I believe that bicycle seat comfort is more about adjusting your expectations for your style of riding than an objective measure of comfort. I do the same thing on my bicycle seats and always have since I started riding seriously 35 years ago. For your reference, I am a man, 5'11" and about 150lbs, so I have a relatively small frame. I have ridden numerous centuries and double centuries (100 miles and 200 mile rides), commuted 15 miles each way for 30 years.
My two most used bikes are a road bike and a town bike, both fitted with leather Brooks saddles that I ride for different purposes. I use a men's B-17 on the road bike which is a narrow, stiffer, harder saddle. The town bike is a converted '80s TREK touring frame that is now a one-speed with upright style bars with a women's B-67s. The difference between mens' and womens' saddles, interestingly enough seems to be the length, not the width.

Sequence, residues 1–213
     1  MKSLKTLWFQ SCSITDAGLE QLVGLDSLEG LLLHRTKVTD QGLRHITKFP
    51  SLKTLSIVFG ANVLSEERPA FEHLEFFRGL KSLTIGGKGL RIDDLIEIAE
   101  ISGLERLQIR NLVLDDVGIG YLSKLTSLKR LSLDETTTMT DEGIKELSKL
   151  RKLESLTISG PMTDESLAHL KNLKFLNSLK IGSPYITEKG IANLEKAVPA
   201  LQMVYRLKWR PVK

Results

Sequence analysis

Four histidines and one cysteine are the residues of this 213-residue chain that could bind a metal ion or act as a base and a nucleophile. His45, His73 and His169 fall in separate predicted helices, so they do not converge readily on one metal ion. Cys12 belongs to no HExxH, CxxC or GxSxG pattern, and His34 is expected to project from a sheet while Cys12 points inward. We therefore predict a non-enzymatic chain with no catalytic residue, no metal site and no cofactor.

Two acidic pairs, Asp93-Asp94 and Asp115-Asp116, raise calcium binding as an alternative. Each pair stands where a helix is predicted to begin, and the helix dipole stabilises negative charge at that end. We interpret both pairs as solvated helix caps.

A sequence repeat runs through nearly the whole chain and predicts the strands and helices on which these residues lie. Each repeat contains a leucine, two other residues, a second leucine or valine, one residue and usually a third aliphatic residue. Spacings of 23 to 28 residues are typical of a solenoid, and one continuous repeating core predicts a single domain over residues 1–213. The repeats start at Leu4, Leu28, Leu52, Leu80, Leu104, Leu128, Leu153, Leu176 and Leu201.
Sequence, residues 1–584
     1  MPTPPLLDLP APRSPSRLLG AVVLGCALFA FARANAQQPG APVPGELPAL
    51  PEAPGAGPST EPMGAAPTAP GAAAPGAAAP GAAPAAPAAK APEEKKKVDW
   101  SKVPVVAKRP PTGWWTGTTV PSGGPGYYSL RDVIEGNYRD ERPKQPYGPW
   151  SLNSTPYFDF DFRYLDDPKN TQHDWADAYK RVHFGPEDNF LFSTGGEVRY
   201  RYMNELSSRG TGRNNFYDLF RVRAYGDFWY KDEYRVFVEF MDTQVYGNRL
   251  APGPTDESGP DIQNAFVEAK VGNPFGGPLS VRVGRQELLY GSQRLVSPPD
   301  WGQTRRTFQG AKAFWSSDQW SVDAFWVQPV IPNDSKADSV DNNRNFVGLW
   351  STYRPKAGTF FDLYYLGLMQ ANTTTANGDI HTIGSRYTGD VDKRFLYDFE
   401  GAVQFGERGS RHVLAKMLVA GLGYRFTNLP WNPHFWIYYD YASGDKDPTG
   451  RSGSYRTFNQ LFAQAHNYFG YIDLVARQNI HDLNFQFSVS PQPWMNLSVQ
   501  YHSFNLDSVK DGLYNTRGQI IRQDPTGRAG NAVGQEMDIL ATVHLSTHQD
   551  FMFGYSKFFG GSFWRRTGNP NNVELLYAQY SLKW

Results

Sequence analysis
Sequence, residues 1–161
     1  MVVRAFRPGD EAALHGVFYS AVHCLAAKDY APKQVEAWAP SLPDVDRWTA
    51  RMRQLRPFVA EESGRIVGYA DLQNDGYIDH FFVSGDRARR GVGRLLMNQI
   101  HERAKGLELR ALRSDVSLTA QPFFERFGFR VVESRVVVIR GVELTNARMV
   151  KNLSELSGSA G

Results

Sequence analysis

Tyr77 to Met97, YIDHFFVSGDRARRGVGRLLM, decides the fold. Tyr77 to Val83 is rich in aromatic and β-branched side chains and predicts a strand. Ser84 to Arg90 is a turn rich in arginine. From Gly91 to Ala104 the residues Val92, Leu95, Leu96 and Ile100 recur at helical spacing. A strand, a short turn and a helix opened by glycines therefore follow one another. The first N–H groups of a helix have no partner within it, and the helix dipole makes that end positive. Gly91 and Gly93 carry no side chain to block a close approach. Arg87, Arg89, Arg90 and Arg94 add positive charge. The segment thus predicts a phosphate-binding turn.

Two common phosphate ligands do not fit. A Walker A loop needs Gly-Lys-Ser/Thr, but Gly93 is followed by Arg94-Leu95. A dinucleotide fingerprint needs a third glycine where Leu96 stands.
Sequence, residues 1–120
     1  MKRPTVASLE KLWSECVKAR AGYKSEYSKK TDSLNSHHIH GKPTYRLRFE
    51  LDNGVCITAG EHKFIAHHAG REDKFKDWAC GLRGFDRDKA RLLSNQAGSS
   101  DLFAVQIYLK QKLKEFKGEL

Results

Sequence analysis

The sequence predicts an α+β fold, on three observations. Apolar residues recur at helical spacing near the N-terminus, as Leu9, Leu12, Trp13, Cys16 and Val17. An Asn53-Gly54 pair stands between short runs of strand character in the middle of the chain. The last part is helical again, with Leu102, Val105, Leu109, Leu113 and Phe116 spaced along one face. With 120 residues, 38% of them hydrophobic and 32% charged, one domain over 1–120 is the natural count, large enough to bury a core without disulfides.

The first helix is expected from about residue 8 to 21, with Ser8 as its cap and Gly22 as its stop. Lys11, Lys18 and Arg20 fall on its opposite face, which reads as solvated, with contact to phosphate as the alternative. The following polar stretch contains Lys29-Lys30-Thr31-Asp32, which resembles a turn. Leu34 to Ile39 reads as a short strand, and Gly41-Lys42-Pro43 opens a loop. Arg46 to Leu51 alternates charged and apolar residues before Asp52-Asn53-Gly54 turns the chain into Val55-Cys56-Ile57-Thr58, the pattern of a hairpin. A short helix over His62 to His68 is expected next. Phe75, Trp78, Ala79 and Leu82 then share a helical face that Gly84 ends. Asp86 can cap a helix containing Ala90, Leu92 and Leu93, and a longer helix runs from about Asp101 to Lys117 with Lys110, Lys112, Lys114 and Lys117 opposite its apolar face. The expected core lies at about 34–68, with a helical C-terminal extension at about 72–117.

I find myself moving back on both saddles to get my "butt bones" over the rail because it takes pressure of the softer tissues. I don't necessarily stay in that position, but I do it now and then because it just feels better to change positions. I shift around more on the B-17 than the B-67. I have not tried the B-67s on a road bike with the drop bars. I'm just enjoying it too much on the upright town bike to want to experiment. It is comfortable enough that I have ridden it on some 25 mile rides with less butt fatigue than the B-17.
The funny thing about seats is that even though the B-17 is stiffer and harder, it is my preferred seat when I'm trying to ride fast as in a 10-15 mile commute run where I want to put my head down and get there as fast as possible. The only saddle I don't move around on is the cheap, original mattress style saddle on my 50lb. Schwinn Cyclone one-speed. But I wouldn't want that saddle on a road bike or even my favorite town bike. Why? Because a very soft saddle seems to absorb more energy and feels less efficient.